The global currency ‘bancor,’ like the global “imbalance tax,” was also originally proposed by the now-discredited “economist” John Maynard Keynes after World War II. It didn’t take off then, for many reasons. But now, things are different, according to the IMF report. "There has been a long-running debate speculating on whether the dollar could collapse," it says, citing some economists who believe it could or would, and others who disagree.
While fears about the stability and reliability of the fiat dollar are certainly justified — especially in light of the trillions the federal reserve recently conjured into existence for the banks — the solution, according to economists who have proven themselves over the decades, is obviously not to impose the same fiat debt-money system at the global level.
“A world paper currency and world central bank would heighten the moral hazard and lead to a global inflationary regime such as we've never seen,” notes Lew Rockwell, the chairman of the Ludwig von Mises Institute, in an article about the IMF paper. “There would be no escape from political control at that point.”
Instead of “currency reform” coming “from the marble palaces of the monetary elites,” Rockwell points out that, “[p]rivate currencies traders the world over could, on their own, give rise to a new currency rooted in gold and traded by means of digital media.”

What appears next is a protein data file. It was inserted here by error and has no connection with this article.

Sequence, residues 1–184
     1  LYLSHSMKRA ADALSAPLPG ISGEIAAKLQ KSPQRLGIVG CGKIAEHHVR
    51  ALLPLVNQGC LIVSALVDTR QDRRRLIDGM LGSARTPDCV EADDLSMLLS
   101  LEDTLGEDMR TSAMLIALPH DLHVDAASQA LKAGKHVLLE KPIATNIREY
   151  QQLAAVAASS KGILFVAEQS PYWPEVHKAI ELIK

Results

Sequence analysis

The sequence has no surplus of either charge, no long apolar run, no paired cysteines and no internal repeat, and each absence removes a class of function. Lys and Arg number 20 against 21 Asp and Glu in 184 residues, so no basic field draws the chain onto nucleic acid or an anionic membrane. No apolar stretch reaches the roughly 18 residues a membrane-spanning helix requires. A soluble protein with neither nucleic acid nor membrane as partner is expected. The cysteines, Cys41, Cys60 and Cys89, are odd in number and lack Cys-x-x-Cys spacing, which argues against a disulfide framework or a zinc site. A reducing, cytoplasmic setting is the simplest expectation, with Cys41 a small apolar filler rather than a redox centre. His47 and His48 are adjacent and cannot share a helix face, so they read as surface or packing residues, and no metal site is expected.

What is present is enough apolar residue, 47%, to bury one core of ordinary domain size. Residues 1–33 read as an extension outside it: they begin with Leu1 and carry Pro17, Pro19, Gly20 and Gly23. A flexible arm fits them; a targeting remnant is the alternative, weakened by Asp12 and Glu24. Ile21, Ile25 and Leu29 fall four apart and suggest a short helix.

This would be far superior for numerous reasons, he argues. “Under a gold standard, the physical metal is the limit and the market is the master. Under a global paper system, the paper provides no limit whatsoever and the politicians are the masters.”
Other experts agree. “A global central bank would be a disaster,” financial expert Bob Chapman, editor of The International Forecaster, told The New American in an e-mail. “It means the acceptance of world slavery.”
Chapman also pointed out that the international monetary system was being deliberately destroyed to bring about a global currency like the bancor. “It’s just not fiscal and monetary policy. It is every facet of your life that these elitists want to control.”
Of course, even the IMF admits such a massive change will not come quickly or easily. “It is understood that some of the ideas discussed are unlikely to materialize in the foreseeable future absent a dramatic shift in appetite for international cooperation,” it says in the report. But the end game is clearly illustrated in a graph that depicts a bubble with global currency written in it after various other proposals that would encounter less resistance and could therefore be implemented sooner.
But the prospect of a global fiat monetary system is growing rapidly. Countless mainstream news pieces are proclaiming the virtues of such a development, even as global bodies and world rulers advocate a speedy transition. And the calls are only intensifying.
The international monetary system today is obviously unstable, but it has nothing to do with the fact that monetary policy is not yet totally in the hands of global authorities. The real problems are the fractional-reserve lending system and the fiat debt-money-issuing central bank cartels which enable it. A global currency — gold, silver, or whatever the market decides — would surely be better than today’s scheme. But a global paper currency — administered by unelected world bureaucrats and forced upon the earth by governments — would be an unmitigated disaster.